At the same time, other members of the team studied the equity of Machine Learning based health prediction algorithms across gender and noticed differences in the performance for men and women, and designed computational mechanisms to make the algorithm performance more equitable across genders.

The team has already published key and surprising findings, Matsaganis said. “Several sociodemographic predictors that the ICT adoption literature suggests are emerged in our analysis (e.g., age, socio-economic position, formal education). But even among patients with considerable experience with ICTs, use of such technologies to pursue health-related goals and particularly to facilitate communication with healthcare providers is highly episodic.”

He added, “additionally, interviews with healthcare professionals, so far, have highlighted that the rapid adoption of ICTs during the COVID-19 pandemic transformed patient-provider communication across clinical sites significantly, primarily through deployment of telemedicine/telehealth applications. However, this adoption was forced by the emergent nature of the crisis, and clinical sites did not have the time to develop the necessary organizational complements (e.g., structures, processes) to ensure maximum payoff. Our data suggest that one of the key challenges to realizing the potential of ICTs is to be found in the seeming inability of patients and healthcare professionals to imagine how ICTs could improve healthcare and patient-provider communication in the future.”

Mikesell added, “one way to see this is that when ICT adoption in healthcare is widespread it almost has to be ‘forced,’ as was the case during the pandemic. Without this external force, it doesn’t often happen because there is inertia in clinical practice settings and lack of vision/imagination regarding the value of tech adoption. It tends to be perceived as a burden rather than a benefit.”

That said, as Matsaganis and Mikesell note in a forthcoming publication they co-authored with two SC&I Ph.D. students on the impact of ICT adoption on patient-provider communication and inequalities, “many historically marginalized patients are especially likely to view ICTs as important for addressing patient-provider communication that they perceive to be of poor quality. This is in part because ICTs can support patient agency and self-advocacy. As such, our team really wants to explore ways to foster imagination among various stakeholders so that both the benefits and burdens are sufficiently weighed, particularly when it comes to supporting minoritized patient populations navigate healthcare encounters that may not best support their needs.”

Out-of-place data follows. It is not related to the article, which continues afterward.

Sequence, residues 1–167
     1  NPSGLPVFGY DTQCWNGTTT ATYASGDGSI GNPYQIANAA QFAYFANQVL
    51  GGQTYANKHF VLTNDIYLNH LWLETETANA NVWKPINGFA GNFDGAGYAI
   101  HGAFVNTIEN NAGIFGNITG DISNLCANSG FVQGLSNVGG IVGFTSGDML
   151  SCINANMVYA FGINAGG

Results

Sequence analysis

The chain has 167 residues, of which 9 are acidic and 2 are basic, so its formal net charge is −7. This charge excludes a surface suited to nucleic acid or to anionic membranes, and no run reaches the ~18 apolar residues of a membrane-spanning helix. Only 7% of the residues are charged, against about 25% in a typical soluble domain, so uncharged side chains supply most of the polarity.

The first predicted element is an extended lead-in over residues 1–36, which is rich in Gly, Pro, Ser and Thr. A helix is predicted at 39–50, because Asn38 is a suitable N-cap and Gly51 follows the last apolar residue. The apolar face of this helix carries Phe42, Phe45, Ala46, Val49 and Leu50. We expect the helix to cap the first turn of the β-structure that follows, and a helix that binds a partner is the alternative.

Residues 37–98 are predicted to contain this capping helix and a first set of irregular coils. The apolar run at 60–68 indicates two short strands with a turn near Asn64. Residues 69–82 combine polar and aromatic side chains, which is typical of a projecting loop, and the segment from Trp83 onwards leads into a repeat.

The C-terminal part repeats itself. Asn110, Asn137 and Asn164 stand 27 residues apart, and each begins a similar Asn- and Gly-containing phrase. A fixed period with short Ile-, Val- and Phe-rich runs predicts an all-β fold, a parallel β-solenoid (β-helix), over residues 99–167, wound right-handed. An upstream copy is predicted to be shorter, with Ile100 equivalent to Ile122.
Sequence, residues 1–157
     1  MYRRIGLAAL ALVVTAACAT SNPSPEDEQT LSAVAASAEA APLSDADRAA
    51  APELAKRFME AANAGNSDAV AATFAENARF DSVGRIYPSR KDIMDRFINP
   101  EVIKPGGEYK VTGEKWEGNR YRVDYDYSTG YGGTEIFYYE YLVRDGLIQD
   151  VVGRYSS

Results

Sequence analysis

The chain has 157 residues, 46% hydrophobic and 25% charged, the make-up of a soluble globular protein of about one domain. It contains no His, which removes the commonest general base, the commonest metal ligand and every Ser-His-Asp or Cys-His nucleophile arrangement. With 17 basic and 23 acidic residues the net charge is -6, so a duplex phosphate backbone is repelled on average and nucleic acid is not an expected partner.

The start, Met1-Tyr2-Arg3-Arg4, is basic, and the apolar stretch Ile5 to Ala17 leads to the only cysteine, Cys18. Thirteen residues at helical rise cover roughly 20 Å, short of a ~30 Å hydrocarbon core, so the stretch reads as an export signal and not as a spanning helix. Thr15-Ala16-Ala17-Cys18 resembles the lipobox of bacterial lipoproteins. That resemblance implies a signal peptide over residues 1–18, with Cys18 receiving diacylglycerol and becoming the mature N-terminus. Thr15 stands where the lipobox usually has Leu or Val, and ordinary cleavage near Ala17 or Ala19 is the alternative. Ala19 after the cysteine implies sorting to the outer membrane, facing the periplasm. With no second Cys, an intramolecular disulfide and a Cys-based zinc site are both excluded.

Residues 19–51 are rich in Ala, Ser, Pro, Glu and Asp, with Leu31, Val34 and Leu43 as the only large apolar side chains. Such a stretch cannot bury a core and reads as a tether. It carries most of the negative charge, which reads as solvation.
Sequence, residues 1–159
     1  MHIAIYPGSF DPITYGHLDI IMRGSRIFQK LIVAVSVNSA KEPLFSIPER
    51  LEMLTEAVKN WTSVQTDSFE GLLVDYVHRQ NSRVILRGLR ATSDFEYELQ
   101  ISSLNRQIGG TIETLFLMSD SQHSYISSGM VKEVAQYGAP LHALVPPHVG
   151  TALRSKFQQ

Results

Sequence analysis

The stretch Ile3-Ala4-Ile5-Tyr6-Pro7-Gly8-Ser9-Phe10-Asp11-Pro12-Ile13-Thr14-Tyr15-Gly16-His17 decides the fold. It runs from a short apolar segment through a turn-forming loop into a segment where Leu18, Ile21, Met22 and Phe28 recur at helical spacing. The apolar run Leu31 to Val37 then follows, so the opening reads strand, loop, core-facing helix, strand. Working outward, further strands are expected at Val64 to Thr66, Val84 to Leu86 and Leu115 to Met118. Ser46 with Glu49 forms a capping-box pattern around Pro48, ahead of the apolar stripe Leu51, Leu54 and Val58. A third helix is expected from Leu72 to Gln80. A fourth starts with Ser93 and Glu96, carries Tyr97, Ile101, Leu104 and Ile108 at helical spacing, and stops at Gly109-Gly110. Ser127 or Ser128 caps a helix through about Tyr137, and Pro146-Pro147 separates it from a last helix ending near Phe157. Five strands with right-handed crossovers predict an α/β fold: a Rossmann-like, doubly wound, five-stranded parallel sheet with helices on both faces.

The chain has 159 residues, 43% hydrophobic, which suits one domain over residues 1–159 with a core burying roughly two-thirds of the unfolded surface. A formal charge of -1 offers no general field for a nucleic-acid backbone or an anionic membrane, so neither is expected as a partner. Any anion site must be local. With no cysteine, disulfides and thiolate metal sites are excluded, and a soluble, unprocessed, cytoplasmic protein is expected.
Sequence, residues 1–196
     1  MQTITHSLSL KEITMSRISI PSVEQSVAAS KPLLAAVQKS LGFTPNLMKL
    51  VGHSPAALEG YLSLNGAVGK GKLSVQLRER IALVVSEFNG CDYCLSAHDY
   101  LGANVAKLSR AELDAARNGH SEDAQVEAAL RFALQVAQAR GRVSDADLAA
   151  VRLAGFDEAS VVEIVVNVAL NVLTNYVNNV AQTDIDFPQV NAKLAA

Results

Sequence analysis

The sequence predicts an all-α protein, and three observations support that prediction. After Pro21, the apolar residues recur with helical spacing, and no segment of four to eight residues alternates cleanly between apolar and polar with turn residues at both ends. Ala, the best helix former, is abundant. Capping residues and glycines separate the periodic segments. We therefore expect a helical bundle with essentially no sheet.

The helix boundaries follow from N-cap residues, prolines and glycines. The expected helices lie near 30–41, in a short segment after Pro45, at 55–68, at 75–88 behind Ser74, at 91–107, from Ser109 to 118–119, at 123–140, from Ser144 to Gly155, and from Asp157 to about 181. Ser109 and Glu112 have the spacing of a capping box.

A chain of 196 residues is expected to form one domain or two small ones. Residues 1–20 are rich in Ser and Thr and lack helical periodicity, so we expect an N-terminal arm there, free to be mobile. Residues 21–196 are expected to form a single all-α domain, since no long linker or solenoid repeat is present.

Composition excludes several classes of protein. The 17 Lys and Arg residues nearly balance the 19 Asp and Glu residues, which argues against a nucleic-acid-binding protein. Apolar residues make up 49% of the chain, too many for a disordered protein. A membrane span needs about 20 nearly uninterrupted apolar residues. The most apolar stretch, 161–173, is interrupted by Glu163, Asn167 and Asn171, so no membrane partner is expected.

Singh noted the progress the team has made on a different front. “We found that while the mental health prediction algorithms provided reasonable accuracy overall, there were noticeable differences in the performance across genders. However, it is feasible through various approaches to help counter such bias.”

The SC&I team noted that they hope to report on these findings at conferences this coming spring. Their work has implications for existing theories of technology adoption, particularly in healthcare, and for interventions promoting ICT adoption for improved patient-provider interactions.

Finally, Matsaganis noted that the project is also informing curriculum development at SC&I. In parallel with the research project, the team has also leveraged partnerships he and Dr. Riva Touger-Decker have built with universities in Greece, in the context of the IAPP-Greece Initiative (, to design and implement a course on “Health and Communication Technologies” at the School of Communication & Information, in collaboration with colleagues from Harokopio University of Athens. The course is open to Rutgers and Harokopio University students and is an example of how SC&I faculty research informs the courses offered to budding researchers and professionals that will work in fields related to health communication and technology.

Learn more about the Communication and Library and Information Science Departments at the Rutgers School of Communication and Information on the website.